What star do you follow? Is it Christ? We have seen what a guiding, guarding and gladdening star Christmas day is. But it is Christ that is our perfect guide because he never gets lost. It is Christ that is our perfect guard because he won the war against sin and death. It is Christ that is our perfect gladness because he has given us eternal life. The Christmas star points to Christ, but what matters most is that it reflects his glory.
The Word became flesh and made his dwelling among us. We have seen his glory, the glory of the One and Only, who came from the Father, full of grace and truth. (John 1:14 NIVUS)
This star may be gone from the heavens, having served its purpose. But through the Holy Spirit it still ever points to Christ, who wants to be born in your heart. May our response be:
O come to my heart, Lord Jesus!
There is room in my heart for Thee. Emily E. S. Elliott
"I see him, but not now; I behold him, but not near. A star will come out of Jacob; a scepter will rise out of Israel. He will crush the foreheads of Moab, the skulls of all the sons of Sheth. (Numbers 24:17 NIVUS)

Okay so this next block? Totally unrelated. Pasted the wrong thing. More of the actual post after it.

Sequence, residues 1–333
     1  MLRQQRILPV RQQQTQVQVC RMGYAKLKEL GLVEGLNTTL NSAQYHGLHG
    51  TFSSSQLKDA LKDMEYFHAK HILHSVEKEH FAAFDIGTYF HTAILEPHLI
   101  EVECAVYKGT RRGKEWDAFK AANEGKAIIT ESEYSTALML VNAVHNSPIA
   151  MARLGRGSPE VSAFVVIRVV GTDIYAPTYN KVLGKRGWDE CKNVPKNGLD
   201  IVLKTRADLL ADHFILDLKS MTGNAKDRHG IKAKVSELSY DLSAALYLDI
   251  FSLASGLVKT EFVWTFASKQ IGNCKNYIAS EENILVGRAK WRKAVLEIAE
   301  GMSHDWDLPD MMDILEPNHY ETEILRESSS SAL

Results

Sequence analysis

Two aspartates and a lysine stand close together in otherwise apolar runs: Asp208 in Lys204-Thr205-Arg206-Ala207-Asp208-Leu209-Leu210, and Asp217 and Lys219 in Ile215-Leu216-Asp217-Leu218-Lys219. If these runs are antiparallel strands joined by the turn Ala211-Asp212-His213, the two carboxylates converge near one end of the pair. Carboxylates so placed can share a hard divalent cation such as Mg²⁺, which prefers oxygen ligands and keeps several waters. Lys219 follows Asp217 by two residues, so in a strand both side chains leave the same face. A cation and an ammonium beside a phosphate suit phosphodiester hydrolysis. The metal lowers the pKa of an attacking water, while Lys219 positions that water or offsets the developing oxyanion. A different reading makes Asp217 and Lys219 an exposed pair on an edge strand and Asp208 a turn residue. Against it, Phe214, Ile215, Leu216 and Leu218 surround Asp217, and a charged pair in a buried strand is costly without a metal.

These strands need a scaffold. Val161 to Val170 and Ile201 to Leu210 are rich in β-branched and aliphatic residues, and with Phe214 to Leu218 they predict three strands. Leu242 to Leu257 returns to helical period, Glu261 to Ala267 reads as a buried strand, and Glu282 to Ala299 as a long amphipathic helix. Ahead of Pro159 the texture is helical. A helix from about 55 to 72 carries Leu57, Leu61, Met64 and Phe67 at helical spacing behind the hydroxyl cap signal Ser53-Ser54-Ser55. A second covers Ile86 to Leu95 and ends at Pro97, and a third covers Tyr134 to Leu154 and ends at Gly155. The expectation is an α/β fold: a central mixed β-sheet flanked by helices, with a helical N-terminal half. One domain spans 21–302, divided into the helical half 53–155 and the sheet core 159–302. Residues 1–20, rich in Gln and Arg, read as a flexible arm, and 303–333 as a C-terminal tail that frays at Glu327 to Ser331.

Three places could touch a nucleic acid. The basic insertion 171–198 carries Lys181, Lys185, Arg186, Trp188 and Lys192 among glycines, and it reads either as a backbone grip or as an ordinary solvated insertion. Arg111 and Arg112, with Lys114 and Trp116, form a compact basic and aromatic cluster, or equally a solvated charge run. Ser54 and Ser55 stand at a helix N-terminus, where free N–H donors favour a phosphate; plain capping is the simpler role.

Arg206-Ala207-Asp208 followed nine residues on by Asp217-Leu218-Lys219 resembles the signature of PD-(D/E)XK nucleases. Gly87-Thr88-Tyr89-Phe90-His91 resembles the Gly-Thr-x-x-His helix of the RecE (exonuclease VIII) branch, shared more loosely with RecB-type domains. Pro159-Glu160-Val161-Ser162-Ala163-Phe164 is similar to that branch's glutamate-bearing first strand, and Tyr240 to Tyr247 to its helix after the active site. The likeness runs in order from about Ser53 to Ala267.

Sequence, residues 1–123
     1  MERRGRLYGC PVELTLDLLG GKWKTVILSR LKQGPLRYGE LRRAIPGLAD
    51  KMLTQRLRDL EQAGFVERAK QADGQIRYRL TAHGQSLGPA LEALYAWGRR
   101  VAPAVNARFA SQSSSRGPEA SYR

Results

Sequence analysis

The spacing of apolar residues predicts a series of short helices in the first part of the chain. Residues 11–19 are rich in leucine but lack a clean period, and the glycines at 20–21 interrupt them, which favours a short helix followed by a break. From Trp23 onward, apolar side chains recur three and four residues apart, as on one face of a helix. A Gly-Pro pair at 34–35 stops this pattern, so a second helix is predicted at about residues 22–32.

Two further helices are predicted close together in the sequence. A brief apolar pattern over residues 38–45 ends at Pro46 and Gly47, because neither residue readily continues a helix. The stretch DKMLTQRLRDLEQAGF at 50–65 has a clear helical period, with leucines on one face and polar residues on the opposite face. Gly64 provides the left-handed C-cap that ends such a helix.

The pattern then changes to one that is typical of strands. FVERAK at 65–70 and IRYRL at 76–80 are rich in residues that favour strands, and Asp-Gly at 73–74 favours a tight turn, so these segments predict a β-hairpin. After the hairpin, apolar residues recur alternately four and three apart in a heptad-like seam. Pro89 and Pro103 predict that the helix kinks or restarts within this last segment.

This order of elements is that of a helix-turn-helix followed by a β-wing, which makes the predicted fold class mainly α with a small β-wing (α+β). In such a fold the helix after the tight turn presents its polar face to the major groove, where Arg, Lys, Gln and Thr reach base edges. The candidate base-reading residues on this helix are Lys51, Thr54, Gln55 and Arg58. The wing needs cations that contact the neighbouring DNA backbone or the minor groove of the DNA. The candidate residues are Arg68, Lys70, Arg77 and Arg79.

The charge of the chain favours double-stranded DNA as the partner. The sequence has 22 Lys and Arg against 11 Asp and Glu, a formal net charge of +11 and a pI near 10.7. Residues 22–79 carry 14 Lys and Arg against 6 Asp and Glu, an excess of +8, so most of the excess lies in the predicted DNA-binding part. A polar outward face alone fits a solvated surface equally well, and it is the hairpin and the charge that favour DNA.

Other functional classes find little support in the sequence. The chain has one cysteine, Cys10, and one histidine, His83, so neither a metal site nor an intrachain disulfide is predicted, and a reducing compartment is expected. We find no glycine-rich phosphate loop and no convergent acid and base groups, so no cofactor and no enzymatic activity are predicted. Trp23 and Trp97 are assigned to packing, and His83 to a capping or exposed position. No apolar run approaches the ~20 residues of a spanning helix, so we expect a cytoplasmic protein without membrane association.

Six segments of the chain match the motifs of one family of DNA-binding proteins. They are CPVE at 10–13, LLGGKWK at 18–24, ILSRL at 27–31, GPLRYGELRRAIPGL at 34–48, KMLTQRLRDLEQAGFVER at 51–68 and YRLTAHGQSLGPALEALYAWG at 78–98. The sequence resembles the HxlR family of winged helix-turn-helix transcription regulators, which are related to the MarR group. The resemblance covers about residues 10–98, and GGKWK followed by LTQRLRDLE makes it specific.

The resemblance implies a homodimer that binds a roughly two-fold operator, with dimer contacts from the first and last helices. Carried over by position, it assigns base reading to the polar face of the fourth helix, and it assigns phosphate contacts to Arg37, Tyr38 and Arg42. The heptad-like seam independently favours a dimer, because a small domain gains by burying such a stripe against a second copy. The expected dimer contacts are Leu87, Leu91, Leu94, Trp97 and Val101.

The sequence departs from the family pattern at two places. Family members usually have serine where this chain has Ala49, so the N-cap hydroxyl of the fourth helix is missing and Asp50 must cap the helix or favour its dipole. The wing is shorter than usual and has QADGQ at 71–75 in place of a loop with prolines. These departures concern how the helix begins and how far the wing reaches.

And we have the word of the prophets made more certain, and you will do well to pay attention to it, as to a light shining in a dark place, until the day dawns and the morning star rises in your hearts. (2 Peter 1:19 NIVUS)
"I, Jesus, have sent my angel to give you this testimony for the churches. I am the Root and the Offspring of David, and the bright Morning Star." (Revelation 22:16 NIVUS)
Who were the Wise Men in the long ago?
Not Herod, fearful lest he lose his throne;
Not Pharisees, too proud to claim their own;
Not priests and scribes whose province was to know;
Not money changers running too and fro;
But three who traveled, weary and alone,
With dauntless faith, because before them shone
The star that led them to a manger low.
Who are the Wise Men now, when all is told?
Not men of science; not the great and strong;
Not those who wear a kingly diadem;
Not those whose eager hands pile high the gold;
But those amid the tumult and the throng
Who follow still the star of Bethlehem.
--James S. Hewett, Illustrations Unlimited (Wheaton: Tyndale House Publishers, Inc, 1988), p. 487.
Many people have heard of the outstanding exploits of Blondin, the tightrope walker. Blondin amused and amazed thousands of people as he made his way over Niagara Falls on a slender rope stretched from shore to shore. He never faltered or failed. But Blondin had a secret. As he made his way over the rope, he would keep his eyes fixed on a large silver star which he had erected at the far end. The star was the center of his attention and guided him to the other side.
In running the heavenly race the believer must look to his Star -- the bright and morning Star, the Lord Jesus. He has run the race and now bids his followers to run the race, keeping their eyes fixed on himself as the goal.
Now to the King eternal, immortal, invisible, the only God, be honor and glory for ever and ever. Amen. (1 Timothy 1:17 NIVUS)